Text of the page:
Most importantly, Georgia state law requires that a document signer personally appear before a notary public and be physically close enough to see, hear, communicate, and give identification credentials without the use of electronic devices, including telephones, computers, video cameras, or video conferences during the entire performance of the notarial act. Therefore, Georgia notaries public are prohibited from performing online webcam notarizations.
How do I update my address on my Georgia notary commission?
If your residence or business address, whichever was used for your appointment, changes during your notary commission term, you must provide a written notice to the appointing clerk of superior court and provide a copy of the notice to the Georgia Superior Court Clerks Cooperative Authority. The notice must contain your old and new information, including any change in your telephone number, and must be received by the clerk of superior court within thirty days of the change.
Click here to download a Notary Public Contact Information Change Form.
How do I change my name on my notary commission in Georgia?
If your name has legally changed during the term of your notary commission, you must provide a written notice to the appointing clerk of the superior court and provide a copy of the notice to the Georgia Superior Court Clerks Cooperative Authority. The notice must contain your old and new name and a new signature sample and must be received within thirty days of the name change. Many counties require a personal appearance to complete changes to a notary commission. Contact your appointing clerk of superior court’s office for county-specific instructions to ensure you satisfy all essential requirements. You may not officially sign under your new name until you receive the amended certificate of appointment.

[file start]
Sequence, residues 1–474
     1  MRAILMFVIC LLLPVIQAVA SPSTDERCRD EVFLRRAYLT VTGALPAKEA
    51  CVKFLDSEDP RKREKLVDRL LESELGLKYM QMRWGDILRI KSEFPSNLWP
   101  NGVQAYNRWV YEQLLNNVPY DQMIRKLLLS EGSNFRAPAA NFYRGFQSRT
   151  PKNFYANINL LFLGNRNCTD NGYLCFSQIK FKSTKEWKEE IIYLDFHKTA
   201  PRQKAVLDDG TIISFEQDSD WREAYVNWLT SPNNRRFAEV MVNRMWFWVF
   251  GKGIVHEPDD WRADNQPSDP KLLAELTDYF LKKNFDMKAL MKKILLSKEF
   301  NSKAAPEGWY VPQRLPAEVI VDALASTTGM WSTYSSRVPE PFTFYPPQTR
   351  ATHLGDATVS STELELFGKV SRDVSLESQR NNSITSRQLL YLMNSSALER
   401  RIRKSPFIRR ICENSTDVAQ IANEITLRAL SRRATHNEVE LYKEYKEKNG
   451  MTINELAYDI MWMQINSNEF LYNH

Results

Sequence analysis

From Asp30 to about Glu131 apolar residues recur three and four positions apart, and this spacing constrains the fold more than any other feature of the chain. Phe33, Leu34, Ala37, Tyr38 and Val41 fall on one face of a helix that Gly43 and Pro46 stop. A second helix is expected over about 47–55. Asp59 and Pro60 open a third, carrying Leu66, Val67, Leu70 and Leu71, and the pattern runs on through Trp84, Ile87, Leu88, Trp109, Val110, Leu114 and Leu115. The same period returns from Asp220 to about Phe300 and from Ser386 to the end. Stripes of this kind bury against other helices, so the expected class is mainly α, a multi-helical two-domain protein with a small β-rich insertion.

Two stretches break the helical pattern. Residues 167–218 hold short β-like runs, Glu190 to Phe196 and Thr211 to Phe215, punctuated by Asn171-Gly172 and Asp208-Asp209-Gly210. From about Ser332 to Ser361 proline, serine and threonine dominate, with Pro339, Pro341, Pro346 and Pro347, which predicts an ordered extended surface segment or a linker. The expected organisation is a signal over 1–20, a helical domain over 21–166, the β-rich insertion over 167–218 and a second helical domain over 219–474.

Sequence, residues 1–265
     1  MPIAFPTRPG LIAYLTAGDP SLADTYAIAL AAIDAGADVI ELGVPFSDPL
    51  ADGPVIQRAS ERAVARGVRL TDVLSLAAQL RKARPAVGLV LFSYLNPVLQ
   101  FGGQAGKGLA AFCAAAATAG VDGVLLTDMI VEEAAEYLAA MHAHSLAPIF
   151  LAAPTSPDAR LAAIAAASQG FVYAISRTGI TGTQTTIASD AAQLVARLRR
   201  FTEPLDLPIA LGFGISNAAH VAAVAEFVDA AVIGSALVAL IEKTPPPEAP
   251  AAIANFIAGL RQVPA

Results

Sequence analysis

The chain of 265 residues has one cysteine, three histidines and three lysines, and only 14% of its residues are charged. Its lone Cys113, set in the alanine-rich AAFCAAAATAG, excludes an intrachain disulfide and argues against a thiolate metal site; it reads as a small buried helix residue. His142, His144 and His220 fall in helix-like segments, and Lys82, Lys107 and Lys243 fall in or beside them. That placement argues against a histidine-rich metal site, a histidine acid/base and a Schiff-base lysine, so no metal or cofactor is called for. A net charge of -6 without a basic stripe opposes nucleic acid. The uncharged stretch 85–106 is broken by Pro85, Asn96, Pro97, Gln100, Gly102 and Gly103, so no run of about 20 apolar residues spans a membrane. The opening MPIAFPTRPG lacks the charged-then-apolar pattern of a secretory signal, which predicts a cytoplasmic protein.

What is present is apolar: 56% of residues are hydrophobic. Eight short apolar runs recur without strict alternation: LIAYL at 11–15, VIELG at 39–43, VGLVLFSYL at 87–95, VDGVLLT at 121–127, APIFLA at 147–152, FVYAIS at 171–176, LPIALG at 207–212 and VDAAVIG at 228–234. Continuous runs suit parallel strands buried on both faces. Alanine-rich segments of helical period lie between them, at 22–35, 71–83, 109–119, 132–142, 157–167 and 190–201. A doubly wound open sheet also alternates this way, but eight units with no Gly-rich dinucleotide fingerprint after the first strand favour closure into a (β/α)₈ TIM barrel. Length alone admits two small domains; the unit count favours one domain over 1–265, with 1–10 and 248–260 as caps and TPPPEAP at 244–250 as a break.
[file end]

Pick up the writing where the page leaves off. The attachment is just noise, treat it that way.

Click here to download the Notary Public Contact Information Change form.
Legal disclaimer: The American Association of Notaries makes no claims, promises, or guarantees about the accuracy, completeness, or adequacy of the information contained on this page. Information on this page is not intended as legal advice. We are not attorneys. We do not pretend to be attorneys. Though we will sometimes provide information regarding federal laws and statutes and the laws and statutes of each state, we have gathered this information from various sources. We do not warrant the information gathered from those sources. It is your responsibility to know the appropriate laws governing your state. Notaries are advised to seek the advice of an attorney in their states if they have legal questions about how to perform notarial acts.
Notary bonds and errors and omissions insurance policies provided by this insurance agency, American Association of Notaries, Inc., are underwritten by Western Surety Company, Universal Surety of America, or Surety Bonding Company of America, which are subsidiaries of CNA Surety.